I've got a MK2 ST24. The motor in the IMRC failed a couple of years ago. I spent a year driving round with no IMRC effect. Eventually I took the motor and board out of the IMRC housing and jammed the clockwork bits so that the secondaries were always open. It's been like that for the past six month and my car drives amazing. There is still a "kick" at about 3500rpm which I believe is the timing shift. There seems to be a further, smaller kick at about 6000rpm. The car has also just sailed through an emissions test as part of our MOT. Not bad for 152,000 miles
I've no idea what differences there are between the MK2 and Mk3 (although I see that the IMRC in the MK3 has its own fuse). Anyway, I just thought I'd share my experience along with this diagram and info which I snap-shotted off the net a while back. Unfortunately I cannot find the page where I got it else I'd link to that and give some credit.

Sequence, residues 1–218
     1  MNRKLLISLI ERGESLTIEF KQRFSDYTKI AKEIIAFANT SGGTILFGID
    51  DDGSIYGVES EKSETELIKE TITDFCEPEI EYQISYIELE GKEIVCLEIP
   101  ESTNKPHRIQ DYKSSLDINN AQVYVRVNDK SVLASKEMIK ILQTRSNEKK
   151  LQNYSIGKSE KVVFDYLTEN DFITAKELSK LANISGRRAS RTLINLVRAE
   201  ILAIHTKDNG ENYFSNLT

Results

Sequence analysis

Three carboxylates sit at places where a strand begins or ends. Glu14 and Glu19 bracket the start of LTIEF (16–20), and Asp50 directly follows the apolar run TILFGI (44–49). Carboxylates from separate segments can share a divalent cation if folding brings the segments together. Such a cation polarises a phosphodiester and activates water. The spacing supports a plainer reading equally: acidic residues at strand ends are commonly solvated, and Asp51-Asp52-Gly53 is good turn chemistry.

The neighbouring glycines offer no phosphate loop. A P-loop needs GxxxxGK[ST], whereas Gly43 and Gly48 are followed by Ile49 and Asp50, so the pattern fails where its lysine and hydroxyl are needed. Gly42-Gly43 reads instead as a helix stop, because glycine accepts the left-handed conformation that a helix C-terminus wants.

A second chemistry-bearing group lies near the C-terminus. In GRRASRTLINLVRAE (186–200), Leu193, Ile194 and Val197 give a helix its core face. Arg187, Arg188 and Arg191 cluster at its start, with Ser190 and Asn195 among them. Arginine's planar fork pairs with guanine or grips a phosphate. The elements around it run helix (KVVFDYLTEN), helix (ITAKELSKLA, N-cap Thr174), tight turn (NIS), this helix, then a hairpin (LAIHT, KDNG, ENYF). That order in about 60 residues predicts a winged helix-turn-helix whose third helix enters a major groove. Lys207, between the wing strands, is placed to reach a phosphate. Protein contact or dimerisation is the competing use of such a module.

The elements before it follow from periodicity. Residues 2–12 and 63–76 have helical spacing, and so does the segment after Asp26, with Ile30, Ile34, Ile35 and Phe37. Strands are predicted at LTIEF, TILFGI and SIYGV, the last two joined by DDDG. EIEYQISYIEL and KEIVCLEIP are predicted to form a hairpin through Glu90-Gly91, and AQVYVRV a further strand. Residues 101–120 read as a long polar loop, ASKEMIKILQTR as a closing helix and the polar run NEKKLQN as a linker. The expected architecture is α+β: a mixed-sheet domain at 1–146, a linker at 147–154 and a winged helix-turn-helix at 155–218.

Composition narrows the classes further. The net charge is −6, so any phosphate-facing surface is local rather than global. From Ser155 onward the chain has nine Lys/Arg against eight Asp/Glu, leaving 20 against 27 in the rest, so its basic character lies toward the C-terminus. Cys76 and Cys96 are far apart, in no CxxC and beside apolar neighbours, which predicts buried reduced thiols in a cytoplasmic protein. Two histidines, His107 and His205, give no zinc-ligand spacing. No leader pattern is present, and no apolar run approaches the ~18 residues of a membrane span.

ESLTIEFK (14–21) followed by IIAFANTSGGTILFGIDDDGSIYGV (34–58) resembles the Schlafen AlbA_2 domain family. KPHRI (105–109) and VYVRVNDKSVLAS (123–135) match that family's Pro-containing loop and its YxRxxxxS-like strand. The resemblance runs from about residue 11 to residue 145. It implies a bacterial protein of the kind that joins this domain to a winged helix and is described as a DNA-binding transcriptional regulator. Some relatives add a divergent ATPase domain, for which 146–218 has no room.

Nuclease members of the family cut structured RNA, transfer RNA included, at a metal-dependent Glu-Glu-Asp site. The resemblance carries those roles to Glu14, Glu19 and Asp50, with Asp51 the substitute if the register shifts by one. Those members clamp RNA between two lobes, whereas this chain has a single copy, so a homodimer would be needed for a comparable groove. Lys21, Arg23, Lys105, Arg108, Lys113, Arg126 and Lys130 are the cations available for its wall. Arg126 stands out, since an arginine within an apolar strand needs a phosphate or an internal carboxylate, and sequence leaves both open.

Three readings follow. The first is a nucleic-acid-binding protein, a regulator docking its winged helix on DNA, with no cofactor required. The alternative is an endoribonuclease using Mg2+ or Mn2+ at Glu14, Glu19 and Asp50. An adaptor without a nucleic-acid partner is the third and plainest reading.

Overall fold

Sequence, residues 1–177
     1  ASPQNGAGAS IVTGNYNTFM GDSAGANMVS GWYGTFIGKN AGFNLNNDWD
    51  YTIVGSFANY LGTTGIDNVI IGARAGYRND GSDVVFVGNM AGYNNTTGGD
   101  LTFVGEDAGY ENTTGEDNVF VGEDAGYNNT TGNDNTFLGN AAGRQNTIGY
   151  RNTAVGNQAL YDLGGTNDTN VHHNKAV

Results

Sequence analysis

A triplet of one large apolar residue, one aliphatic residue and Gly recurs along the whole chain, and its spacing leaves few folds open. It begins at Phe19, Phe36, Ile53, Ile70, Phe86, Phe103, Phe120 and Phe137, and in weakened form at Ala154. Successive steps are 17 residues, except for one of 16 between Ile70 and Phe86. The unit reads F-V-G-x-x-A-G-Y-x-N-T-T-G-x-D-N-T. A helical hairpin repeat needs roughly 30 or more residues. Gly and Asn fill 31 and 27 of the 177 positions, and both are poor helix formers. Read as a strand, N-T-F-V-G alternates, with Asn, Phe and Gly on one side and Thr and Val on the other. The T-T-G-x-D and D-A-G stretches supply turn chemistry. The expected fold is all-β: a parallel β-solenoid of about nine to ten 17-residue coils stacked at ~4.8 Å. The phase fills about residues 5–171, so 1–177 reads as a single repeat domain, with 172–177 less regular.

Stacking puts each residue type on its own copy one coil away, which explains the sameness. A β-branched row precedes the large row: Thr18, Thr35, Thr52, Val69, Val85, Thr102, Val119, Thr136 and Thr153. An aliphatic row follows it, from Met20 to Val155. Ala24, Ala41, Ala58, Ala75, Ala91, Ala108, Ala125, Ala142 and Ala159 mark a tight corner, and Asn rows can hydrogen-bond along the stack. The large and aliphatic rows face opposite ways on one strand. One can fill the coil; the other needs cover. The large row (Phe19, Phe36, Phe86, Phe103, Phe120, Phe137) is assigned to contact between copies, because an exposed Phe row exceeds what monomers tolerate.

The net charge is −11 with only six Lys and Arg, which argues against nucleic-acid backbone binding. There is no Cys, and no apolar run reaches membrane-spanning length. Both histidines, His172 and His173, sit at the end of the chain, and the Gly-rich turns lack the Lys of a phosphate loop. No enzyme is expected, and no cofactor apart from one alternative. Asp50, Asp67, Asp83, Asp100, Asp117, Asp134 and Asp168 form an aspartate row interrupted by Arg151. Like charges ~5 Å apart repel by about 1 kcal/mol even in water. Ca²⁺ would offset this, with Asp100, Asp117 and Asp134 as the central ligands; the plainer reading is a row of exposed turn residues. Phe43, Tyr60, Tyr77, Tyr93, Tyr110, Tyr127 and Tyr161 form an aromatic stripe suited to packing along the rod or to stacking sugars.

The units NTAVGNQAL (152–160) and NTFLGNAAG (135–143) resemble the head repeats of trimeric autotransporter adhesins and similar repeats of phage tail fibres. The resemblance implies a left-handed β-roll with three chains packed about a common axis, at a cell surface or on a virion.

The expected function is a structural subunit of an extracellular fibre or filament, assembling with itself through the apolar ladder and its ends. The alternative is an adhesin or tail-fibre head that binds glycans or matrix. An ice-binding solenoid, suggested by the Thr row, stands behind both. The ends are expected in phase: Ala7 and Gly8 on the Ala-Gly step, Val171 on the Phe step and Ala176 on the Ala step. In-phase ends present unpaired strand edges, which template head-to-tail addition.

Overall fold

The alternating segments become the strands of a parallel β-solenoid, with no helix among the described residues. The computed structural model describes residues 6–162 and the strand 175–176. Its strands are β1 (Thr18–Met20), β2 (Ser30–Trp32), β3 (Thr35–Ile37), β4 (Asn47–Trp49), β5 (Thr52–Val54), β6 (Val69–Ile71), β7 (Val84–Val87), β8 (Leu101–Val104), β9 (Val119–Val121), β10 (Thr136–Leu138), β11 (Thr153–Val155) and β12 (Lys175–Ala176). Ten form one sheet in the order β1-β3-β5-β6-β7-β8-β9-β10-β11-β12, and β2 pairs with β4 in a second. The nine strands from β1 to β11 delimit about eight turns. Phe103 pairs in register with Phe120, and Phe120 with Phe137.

What did you actually do to jam the secondaries open? Cheers!!!
I mean, that first block of text he screenshotted in his post tells you how the IMRC works.
To break it down for you though, see that silver cylinder thing on the left? That's a motor that drives those small gears on the bottom which turns a bowden cable. That's all this thing does. It's a PCB that turns a motor on and off which turns some cogs and they turn a cable and that opens/closes the secondaries.
I don't know how anyone else does it, but just looking at it the easiest way I would have thought to jam them open would be to turn those gears until the secondaries are open them jam something into them so they won't move again. And if the IMRC actually works, disable the motor too so it doesn't try and run while also jammed up - I should think it just sits there loose with the case open like that, you can probably just wedge something under the motor's cog end so it sits up a bit and isn't connected so it can happily spin free whenever the PCB activates. Put the lid back on once done and hey presto.
Edited by ancienttyres, 03 July 2020 - 08:44 AM.